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The Major Issue With The Rockets That Nobody Is Talking About


One win away. Just one more victory, and we'd be seeing the Houston Rockets tango with King James and the Cavs right now. One more win over the Warriors and the Rockets' "dream" season would likely be ending with a Championship parade.

But, alas, the injury demons struck again for H-town and all but eliminated their chances of closing out the Warriors in Games 6 and 7. James Harden faded in the end, CP3 was nursing that nagging hamstring and the Dubs used those flaws to flip the script, marking a rather underwhelming end to Houston's spectacular season.

And to make matters worse, the Rockets' hopes of keeping the team together (or acquiring LeBron James) this summer is anything but promising. See, for the last few months, rumors regarding LeBron's next destination have circulated around Houston.

LeBron would get to play with one of his best friends, would give him an opportunity to play off-ball, and would give all three stars a good chance at challenging the Warriors next season. Bearing those facts in mind, the Rockets were named one of the heavy favorites to sign James this July. No doubt, that would become quite a show.


And even though everything mentioned above is still technically possible, there's one huge, glaring problem with the whole scenario: Chris Paul. In a report by Shane Mickle of late last week, CP3 will demand the max from the Rockets this summer, and will, therefore, be very unlikely to agree to any sort of pay cut.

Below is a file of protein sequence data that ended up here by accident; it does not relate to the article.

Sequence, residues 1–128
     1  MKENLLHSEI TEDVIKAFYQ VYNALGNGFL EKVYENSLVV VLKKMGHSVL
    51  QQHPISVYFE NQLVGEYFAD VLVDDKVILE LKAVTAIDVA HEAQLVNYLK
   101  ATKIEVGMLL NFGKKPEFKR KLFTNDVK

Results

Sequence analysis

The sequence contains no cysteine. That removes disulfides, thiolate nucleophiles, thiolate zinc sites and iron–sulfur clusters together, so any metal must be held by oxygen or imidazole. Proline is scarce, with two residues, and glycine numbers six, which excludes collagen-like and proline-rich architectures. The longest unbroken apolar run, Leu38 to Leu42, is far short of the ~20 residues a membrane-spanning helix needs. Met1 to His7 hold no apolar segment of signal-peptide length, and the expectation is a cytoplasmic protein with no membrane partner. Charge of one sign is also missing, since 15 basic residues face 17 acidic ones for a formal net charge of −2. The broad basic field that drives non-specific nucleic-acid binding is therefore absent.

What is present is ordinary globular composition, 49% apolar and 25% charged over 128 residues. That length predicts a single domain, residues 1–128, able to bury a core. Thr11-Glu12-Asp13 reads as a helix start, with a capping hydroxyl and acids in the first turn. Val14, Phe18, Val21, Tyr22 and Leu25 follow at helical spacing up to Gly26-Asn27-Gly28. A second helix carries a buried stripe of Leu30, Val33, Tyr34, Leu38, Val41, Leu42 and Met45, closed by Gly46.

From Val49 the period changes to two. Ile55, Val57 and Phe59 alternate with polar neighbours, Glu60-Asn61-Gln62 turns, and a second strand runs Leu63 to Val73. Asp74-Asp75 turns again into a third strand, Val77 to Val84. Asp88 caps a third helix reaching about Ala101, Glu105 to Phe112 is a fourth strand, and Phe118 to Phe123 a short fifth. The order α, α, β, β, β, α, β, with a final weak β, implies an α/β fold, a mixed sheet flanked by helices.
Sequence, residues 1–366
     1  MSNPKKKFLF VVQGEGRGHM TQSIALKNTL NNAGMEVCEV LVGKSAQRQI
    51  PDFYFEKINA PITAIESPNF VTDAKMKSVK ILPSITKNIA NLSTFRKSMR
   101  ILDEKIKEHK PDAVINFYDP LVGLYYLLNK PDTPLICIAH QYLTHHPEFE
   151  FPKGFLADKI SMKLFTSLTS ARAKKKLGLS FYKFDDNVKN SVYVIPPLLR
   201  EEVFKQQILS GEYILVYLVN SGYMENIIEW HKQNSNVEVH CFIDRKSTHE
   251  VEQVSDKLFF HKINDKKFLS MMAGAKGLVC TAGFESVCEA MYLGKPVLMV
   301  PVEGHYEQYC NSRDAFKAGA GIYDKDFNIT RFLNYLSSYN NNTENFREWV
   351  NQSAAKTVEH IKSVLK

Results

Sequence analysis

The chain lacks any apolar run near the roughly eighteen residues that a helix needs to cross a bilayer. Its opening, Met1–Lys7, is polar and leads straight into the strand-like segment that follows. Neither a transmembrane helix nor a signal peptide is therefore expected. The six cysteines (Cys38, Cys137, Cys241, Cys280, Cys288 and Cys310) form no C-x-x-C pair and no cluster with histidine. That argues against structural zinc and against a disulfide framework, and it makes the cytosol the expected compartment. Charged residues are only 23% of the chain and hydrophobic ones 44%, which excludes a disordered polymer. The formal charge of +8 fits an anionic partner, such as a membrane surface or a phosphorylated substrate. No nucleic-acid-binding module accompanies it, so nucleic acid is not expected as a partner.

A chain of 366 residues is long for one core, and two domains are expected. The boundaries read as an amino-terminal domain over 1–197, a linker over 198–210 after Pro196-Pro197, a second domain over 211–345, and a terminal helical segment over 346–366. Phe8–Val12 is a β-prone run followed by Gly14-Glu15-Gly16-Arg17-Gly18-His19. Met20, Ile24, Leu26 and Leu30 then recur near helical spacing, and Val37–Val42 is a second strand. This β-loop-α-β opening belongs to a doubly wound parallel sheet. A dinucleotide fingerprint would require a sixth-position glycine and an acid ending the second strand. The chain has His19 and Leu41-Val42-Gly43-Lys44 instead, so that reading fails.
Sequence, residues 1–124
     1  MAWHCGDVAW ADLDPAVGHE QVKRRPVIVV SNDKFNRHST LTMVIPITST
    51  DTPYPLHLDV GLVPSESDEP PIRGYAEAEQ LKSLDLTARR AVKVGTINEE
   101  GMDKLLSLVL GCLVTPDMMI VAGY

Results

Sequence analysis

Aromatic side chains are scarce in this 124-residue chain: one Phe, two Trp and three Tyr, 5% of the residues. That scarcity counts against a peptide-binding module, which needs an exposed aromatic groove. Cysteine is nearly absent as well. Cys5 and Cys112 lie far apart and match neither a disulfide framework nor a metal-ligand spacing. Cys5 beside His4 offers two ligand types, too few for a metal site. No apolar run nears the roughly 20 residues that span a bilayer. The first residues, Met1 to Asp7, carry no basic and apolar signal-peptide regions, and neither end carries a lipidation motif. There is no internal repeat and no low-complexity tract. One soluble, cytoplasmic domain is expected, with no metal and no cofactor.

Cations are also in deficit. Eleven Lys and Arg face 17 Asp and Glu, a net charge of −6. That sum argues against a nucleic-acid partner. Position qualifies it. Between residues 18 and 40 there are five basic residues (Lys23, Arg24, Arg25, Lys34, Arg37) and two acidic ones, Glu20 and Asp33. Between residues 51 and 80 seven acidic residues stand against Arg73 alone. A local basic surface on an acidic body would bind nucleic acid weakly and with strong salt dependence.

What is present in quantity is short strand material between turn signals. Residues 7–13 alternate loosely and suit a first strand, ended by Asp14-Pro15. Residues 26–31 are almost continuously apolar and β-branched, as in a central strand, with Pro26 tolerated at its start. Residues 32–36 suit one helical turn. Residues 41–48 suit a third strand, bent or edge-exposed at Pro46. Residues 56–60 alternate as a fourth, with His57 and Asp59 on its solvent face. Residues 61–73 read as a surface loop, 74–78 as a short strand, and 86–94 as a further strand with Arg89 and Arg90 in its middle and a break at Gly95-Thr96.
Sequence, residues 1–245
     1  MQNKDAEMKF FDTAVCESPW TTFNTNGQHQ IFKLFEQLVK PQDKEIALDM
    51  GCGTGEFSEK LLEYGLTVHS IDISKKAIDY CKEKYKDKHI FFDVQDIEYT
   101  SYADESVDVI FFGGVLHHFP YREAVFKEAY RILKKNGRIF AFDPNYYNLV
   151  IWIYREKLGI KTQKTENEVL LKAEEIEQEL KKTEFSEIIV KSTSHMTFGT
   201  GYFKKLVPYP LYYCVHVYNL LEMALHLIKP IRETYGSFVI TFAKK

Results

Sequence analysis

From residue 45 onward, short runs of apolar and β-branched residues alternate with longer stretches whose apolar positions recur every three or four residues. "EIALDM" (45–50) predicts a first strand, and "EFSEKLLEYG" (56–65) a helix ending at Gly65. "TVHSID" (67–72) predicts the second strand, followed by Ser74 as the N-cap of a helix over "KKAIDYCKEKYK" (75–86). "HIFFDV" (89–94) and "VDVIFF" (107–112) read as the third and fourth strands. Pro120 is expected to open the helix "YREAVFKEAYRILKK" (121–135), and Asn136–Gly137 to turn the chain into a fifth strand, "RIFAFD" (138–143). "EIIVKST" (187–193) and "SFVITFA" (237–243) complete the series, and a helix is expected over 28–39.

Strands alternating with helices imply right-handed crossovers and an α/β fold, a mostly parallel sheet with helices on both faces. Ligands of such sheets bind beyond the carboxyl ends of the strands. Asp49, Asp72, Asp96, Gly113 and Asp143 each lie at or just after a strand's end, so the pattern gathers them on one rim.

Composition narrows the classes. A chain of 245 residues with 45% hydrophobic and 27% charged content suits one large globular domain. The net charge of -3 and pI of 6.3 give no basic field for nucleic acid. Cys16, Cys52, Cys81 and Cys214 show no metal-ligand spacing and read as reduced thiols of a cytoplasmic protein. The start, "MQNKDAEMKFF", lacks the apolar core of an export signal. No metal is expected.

"When the Rockets made that deal for Chris Paul, knowing they would re-sign him [once he hit free agency], they made a conscious decision that they were gonna have to live with [paying him] $46, $47 million-a-year salary when he's not nearly the player anymore in his late 30s, but, 'We're gonna make a run at it now; we wanna win a championship now. We'll deal with it [Paul's contract] later.'

"We'll see how that plays out in their contract talks [with Paul] here in free agency. Chris Paul didn't turn down $200 million from the Clippers because he thought that somehow the Rockets were gonna talk him into saving them luxury-tax money. I don't imagine it playing out that way."

Why is this such an issue? Because that huge, money demanding salary will make it almost impossible for the Rockets to acquire LeBron James, who will want pretty much the same amount.

Additionally, other vital members of the team will likely seek big contracts as well, like Clint Capela, Trevor Ariza, and Gerald Green. If they extend a max offer to Paul (a 33-year-old, injury prone point guard), it would severely limit the amount of money they could throw at anyone else, and would probably have to let some other important pieces on the roster walk.

As they are, the Rockets are pretty good. Who knows, had CP been healthy, they might've been good enough to beat Golden State. But if they let Capela or Ariza leave without acquiring James or George for the sake of keeping CP3? It could prove to be a huge mistake going forward.

No matter what Houston GM Daryl Morey is expecting, this much is clear: in a very important summer of change, the Rockets will have to do a bit of soul-searching if they want to stay on the right track this upcoming season.